Bruck added that while the landscape is quite different from the yards of the surrounding houses from a functional and ecological perspective, it doesn’t look that much different from the front, as most of the showy aspects are more toward the back of the property.

“I thought it was really interesting that the sustainable landscape that we put around the entire house just didn’t look that much different than everybody else’s landscape,” said Bruck. “It wasn’t like a wild look. It wasn’t a messy look. It was well cared for, well maintained.” 

Bruck said that even though they used a large quantity of native plants in order to cover the ground and make it dense, the landscape is still orderly. 

“I think orderly is one of the things that doesn’t always translate when people think about native landscapes or ecological landscapes. We still use design principles to guide our placement of plants. They’re not supposed to be wild, messy landscapes just because they have native plants in them, and they are highly functioning landscapes,” said Bruck. 

In addition to being visually appealing and ecologically functional, the landscape also provides a great teaching tool for students and for members of the community at large, as there have been at least five public tours of the site. 

One of the tours was sponsored by the Pennsylvania Horticulture Society, and it attracted several hundred people. The last tour in October 2014 drew around 80 people. 

“Master Gardeners have gone and we’ve brought professionals there as part of the turf and landscape expo that we hold in Hockessin every November,” Barton said.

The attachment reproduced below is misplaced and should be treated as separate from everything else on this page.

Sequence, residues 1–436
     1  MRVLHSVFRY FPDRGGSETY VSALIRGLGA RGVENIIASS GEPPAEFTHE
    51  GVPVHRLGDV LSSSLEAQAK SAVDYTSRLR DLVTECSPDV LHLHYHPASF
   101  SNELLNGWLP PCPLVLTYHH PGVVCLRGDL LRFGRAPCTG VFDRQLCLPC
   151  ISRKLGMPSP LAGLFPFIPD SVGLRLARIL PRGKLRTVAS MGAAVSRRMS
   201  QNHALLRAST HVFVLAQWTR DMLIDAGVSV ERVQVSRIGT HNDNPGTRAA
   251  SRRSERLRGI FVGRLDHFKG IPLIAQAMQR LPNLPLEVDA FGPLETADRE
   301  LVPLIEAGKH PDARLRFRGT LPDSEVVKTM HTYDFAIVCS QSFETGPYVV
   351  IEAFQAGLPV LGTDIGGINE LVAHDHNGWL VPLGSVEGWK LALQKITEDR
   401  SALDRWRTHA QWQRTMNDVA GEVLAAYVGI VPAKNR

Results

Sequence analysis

When the project wraps up in August, Barton said the space can still serve as a learning tool for the future because of a large number of photographs of the project that are available. 

“We have hundreds of images of Applecross so that even though we can’t bring tours back to that site anymore, we have it documented in photos so that we can use that as an educational resource forever,” said Barton. 

Now that the demonstration site will be closing, Barton said that they are hopeful they can find space at the University to demonstrate how homeowners can incorporate a meadow or forest using native plants in a home landscape.  

The demonstration garden was funded by a grant from the United States Department of Agriculture (USDA) National Institute of Food and Agriculture (NIFA) that was awarded to Barton, Bruck, Joshua Duke, professor in the Department of Applied Economics and Statistics (APEC), Shreeram Inamdar, professor in the Department of Plant and Soil Sciences, and Doug Tallamy, professor in the Department of Entomology and Wildlife Ecology (ENWC). 

In addition to many volunteers, contributors to the project include North Creek Nurseries, Octoraro Nursery and Steve Gantz of All Seasons Landscaping. 

Article by Adam Thomas